One core underlining reason, in my view, for the death of conservatism in Britain is that the rules of political debate have thus far been adjudicated by those with an agenda that is far from ‘neutral’.
In each television debate, the truth becomes clearer with each passing minute: conservatives had been invited to play chess, and upon arriving found a Monopoly board, with all the properties already owned. For this, the Establishment deserves the blame, as well as for the marginalisation of true conservative ideas in British culture.
Compare the news services of the United Kingdom to those of the United States and the difference is clear to observe. On the one hand, neutral coverage of the news, with the characteristically British understated delivery, and on the other an emotive, biased news service with its own political views and ideas. The former example may be how it appears on the surface in the UK, when in reality much of this finds its existence entirely within the realms of fantasy. Some choose to look down on US television stations such as Fox and CNN, known for their biased coverage, when compared to the supposed neutrality of the British system. Anyone who has watched, say, Channel 4’s coverage of the news or the BBC’s hosting of political debates would know that British news is far from impartial. We know this of course yet do nothing.
One can imagine Ofcom’s letterbox is full of such complaints of ITV, Channel 4 or any other channel’s biases coming through in their coverage but those complaining are used to disappointment; the British People take it on the chin, a tut here and there during Question Time and no more. Failure to enforce television and radio impartiality has left us with a predicament: how can we solve the problem?
For some time, the answer was simple: enforce the law. I now take a different view. Remove the restrictions for television and radio networks that prevent them from openly holding political opinions, while maintaining the requirements of accurate reporting that reflects the facts.
It is perfectly obvious that news corporations have political agendas, indeed it has proved impossible to remove human bias from their news coverage. But rather than allow these companies to broadcast their opinions with the veneer of neutrality that they are currently afforded, they should be expected to own their bias. By permitting broadcasters to use ‘impartiality’ as a shield from criticism, we risk allowing them to distort the lens through which the public view politics and allowing them influence over public opinion through this artificially constructed ‘neutrality’ (which as we know is anything but). To prevent this, new networks should then be formed, or current ones can take up the mantle, that force the mainstream media to take responsibility for their biases, now free of the restrictions which have otherwise prevented this holding to account.
In the US, Fox News has held left-wing politicians and media to account through figures such as Tucker Carlson or Sean Hannity, and CNN does the same with the Right. In the UK, a good example would be the recently cancelled Nigel Farage Show on LBC, which was of course politically opinionated, though it must be stressed LBC itself is not allowed to hold its own public political stance and doesn’t endorse the views that were expressed within the show. Granted freedom from these restrictions, UK networks can reach the heights of Fox News in the US in challenging the liberal agenda of the Establishment.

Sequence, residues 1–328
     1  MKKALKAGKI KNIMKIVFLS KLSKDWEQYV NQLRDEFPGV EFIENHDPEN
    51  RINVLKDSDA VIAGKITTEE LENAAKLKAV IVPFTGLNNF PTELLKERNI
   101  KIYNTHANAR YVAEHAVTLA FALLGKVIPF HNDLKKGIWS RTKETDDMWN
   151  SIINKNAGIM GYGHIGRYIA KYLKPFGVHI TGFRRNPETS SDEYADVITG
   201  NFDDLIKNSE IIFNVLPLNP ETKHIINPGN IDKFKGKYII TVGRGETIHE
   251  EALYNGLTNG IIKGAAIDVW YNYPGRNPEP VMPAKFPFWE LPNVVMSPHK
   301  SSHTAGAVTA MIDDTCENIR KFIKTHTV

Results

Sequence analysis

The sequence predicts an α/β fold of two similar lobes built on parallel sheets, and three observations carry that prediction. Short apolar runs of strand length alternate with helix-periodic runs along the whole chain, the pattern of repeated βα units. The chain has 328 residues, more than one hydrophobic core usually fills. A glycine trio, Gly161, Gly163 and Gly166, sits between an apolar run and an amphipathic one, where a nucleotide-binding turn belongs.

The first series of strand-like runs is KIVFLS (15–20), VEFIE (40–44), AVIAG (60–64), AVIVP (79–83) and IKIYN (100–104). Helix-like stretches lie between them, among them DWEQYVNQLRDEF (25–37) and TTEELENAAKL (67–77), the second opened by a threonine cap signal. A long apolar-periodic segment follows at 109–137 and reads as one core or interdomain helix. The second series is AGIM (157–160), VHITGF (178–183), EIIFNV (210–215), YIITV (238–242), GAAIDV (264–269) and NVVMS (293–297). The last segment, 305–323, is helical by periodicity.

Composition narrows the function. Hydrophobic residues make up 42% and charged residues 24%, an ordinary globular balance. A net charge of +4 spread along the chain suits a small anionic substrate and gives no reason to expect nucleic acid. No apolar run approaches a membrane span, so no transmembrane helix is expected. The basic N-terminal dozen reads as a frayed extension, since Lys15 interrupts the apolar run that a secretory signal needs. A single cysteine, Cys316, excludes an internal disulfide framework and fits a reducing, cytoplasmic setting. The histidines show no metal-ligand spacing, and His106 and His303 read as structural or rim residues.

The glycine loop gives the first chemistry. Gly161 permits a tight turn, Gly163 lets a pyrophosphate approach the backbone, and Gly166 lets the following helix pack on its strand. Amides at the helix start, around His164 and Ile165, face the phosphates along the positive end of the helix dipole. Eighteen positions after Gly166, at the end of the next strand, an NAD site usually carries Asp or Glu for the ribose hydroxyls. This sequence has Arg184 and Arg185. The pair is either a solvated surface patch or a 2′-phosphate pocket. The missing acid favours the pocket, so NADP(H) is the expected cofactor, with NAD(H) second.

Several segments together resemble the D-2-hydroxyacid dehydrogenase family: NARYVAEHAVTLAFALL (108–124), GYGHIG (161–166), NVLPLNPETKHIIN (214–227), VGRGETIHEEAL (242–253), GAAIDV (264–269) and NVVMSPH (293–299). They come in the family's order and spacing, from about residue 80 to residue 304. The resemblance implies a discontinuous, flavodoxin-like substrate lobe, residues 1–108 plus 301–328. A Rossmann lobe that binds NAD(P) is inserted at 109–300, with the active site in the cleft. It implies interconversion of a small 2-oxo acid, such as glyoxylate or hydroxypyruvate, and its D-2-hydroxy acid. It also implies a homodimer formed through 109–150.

The biases in British television are not a simple matter of Left or Right politics, but a cultural divide between conservatives and the new liberals. Take for example Dr. Jordan Peterson’s infamous interview with Cathy Newman of Channel 4: full of ‘Gotcha!’ lines of questioning; misshaping Peterson’s arguments to extreme misrepresentations, and worse yet; attacks on his character. Despite his popularity with the Right, Dr. Peterson will be the first to tell you that he is not particularly right-wing, he is a classical liberal with conservative leanings. The attacks on his character in both this interview and in general demonstrate a contempt not just for conservative values, but of the prevalent values in Western culture Peterson argues for, namely ideas of personal responsibility and the safeguarding of free speech, the latter being viewed predominantly as a liberal concept but which all conservatives value deeply. Through this, we can see the new Left’s liberalism as a far more insidious and illiberal version of its own tradition; it is a cause for imposed liberalism, using the means of the law and the media to force out other ideas.
There is a demand for more conservatism in the media (not in the form of Fox News, but of a British equivalent, it must be stressed), as shown by the Daily Telegraph and Daily Mail being some of the best-selling newspapers in the UK, as well as the popularity of LBC’s Nigel Farage Show when it was broadcast.
However, this demand is not being met in television, where the Left now claim their home in most mainstream networks, such as Channel 4. As sad as it is to admit, print media has been on the decline for years. If Britain is to have any hope of a conservative revival in the twenty-first century, it must challenge the liberal hegemony in television. The Establishment have benefited greatly from liberal dominance of television, now they must pay the piper.
Photo by Tim Loudon on Flickr.
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